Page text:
What is billed as a set of philosophical short stories starts out that way with its first piece but then becomes much more straightforward thereafter. And that is probably for the better, as they seem more human. "Ethan: A Love Story" is about an odd uncle who plays Halo and other games with his six-year-old nephew. In one of these games, they find their own family and their own selves. How exactly does one move forward when faced with what one knows?
"Autopoiesis for the Common Man" deals with a young man who has two forty-something girlfriends, both nurses. Scientific jargon about the sex act turns both of them on, and much attention is paid to the idea that sex is in the end a biologic act that furthers the species. The jargon contrasts with the emotions in the piece, hiding the latter, and making the relationships seem much more clinical than they apparently are.
"Manikin" is about a kid whose father leaves one day to go to Tulsa (i.e., backward for "a slut," Mom says). To deal with this, the son begins building a life-size doll.
"Carlson's Team" makes an apparent attempt to reverse our everyday world so that instead of people watching people on television, everyone is on television. That is, we all try to make our lives into television stories. The conceit, however, seems incompletely rendered, and I was left wondering why the story wasn't just told straight the whole way through--it does not seem like it would have lost much. The tale itself involves a soon-to-be father who has joined a basketball team to get into shape and stay there, but who discovers, the more that he plays and practices, just how bad he is.
One of the strongest stories in the collection is "Savages," an oddball story about family breakup. Mrs. McDermott cuts out a hole in the hedge separating her home from the one next door and builds a cave into which she drags one day Chuck's father, who finds many reasons to return. This initiates a string of consequences--upcoming divorce the most expected--and surprises that are shocking, disturbing, and sad. The title essentially says it all, as the humans in this story are reduced to an animal-like behavior that cuts off the basic tenets of what we call civilization, suggesting that the true cost of sexual licentiousness is our humanity.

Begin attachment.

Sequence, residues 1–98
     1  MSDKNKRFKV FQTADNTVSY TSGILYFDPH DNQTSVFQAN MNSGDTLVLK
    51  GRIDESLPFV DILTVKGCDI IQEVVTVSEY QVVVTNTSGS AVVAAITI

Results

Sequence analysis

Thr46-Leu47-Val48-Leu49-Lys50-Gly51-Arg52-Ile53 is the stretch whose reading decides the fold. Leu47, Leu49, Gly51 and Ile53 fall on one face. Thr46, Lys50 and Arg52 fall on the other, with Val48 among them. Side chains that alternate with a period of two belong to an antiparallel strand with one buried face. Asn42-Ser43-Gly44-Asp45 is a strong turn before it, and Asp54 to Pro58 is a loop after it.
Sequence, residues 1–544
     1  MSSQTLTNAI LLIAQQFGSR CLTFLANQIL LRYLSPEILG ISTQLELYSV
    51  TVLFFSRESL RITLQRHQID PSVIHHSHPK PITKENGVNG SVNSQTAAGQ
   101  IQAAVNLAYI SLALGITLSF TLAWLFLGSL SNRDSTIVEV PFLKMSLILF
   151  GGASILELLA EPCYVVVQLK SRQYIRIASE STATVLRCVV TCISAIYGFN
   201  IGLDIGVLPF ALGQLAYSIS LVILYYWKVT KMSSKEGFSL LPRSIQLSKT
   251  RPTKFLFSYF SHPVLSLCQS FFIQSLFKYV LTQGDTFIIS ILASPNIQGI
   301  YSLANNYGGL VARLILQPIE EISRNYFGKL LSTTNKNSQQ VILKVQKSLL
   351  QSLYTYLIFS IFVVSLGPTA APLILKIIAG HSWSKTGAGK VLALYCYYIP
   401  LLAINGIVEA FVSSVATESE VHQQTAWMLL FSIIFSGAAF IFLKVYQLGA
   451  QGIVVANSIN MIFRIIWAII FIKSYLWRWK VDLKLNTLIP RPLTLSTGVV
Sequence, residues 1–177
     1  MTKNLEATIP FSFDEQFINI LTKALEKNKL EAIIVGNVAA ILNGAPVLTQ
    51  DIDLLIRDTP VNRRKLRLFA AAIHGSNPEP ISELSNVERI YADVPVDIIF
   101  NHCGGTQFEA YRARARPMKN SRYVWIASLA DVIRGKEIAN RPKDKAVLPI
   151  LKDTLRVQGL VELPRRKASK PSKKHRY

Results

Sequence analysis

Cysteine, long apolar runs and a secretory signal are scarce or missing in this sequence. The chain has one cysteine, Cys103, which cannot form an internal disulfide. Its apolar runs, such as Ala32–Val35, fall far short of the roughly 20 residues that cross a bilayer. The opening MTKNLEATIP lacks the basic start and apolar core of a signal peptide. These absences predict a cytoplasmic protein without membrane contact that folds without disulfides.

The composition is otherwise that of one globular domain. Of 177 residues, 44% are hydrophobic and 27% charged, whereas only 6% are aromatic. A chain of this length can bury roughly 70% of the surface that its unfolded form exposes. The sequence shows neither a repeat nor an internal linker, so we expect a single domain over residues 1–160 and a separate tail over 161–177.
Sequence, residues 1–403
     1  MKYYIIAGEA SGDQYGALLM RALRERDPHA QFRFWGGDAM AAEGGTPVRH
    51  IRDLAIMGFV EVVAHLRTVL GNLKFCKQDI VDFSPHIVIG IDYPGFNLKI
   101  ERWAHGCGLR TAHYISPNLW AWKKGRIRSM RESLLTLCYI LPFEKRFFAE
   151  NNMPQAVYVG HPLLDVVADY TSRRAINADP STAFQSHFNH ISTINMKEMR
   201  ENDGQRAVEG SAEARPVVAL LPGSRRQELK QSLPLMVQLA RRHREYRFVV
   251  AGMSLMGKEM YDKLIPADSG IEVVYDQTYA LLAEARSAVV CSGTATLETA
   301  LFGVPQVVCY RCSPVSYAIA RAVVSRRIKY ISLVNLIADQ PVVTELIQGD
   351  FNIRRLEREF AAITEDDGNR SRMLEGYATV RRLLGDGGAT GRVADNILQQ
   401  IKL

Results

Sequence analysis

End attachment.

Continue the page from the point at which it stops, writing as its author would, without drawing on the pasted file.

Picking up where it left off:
In fact, it is in the semihorrifying stories about family life that Hallman really seems to succeed. Another strong one is "The Fire." It's a recounting of a fire that swoops down on the hills around Los Angeles, destroying homes in its wake. The story follows one man who decides to stay rather than flee with his family. He and a neighbor pull out hoses and then watch as the lines go dry. What makes this story so powerful, however, is the sideline plot about the man and his wife, who are having marriage problems. He's a lawyer who promised to quit after ten years to take care of the kids so that his wife can pursue her career (as a potter). Even though the wife has no market plan or business (and thus immediate means to support the family), she is insistent that the lawyer quit his job so that she can do her thing. It is in the context of these fights, these threats to leave, that the fire wreaks its havoc on the neighborhood, as if the family spat too threatens to destroy all.
Along a similar line is "Utopia Road," a ghost story of sorts, about an idealic new suburb that begins almost immediately after folks move in to fall apart. Electricity runs where it shouldn't, shocking people. Water goes out. Gutters get pulled off roofs. Eventually, the community comes to believe that Tom Royce, a local boy, is the one playing practical jokes on them. But after beating him up and essentially intimidating the Royce family to move, the troubles continue. Even a witch doctor won't help kick the evil spirit out of the neighborhood. Horror after horror continues, until we're left wondering when we will be next.
Other stories are a bit gimmicky, such as "Double Entendre," an advice story about how to write erotic fiction that also features its share of erotica. The constant cut to instruction, however, interferes with whatever passion we might feel for the storyline.
"The Jockey" is an amusing story about young people who are recruited to act the part of terrorists and victims in a practice session for some police and emergency responders. To what extent, one might ask, does one's betrayal during a fake practice session reveal anything real about one's actual relationship or potential there for?
The last story explores game theory in conjunction to the story itself, book-ending the collection with a tale that is in part philosophical.